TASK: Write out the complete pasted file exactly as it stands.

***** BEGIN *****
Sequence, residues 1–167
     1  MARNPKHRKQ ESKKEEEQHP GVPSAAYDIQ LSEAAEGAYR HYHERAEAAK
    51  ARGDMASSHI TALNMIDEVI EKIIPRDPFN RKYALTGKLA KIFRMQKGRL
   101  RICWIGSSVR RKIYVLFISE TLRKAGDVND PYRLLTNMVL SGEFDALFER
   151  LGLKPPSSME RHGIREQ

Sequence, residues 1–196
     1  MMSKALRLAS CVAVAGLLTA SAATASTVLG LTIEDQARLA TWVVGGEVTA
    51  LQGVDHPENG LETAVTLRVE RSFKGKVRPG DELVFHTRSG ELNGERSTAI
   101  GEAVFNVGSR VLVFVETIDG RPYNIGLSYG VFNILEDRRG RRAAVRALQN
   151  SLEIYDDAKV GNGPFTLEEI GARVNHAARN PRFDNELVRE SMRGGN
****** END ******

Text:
Sequence, residues 1–167
     1  MARNPKHRKQ ESKKEEEQHP GVPSAAYDIQ LSEAAEGAYR HYHERAEAAK
    51  ARGDMASSHI TALNMIDEVI EKIIPRDPFN RKYALTGKLA KIFRMQKGRL
   101  RICWIGSSVR RKIYVLFISE TLRKAGDVND PYRLLTNMVL SGEFDALFER
   151  LGLKPPSSME RHGIREQ

Sequence, residues 1–196
     1  MMSKALRLAS CVAVAGLLTA SAATASTVLG LTIEDQARLA TWVVGGEVTA
    51  LQGVDHPENG LETAVTLRVE RSFKGKVRPG DELVFHTRSG ELNGERSTAI
   101  GEAVFNVGSR VLVFVETIDG RPYNIGLSYG VFNILEDRRG RRAAVRALQN
   151  SLEIYDDAKV GNGPFTLEEI GARVNHAARN PRFDNELVRE SMRGGN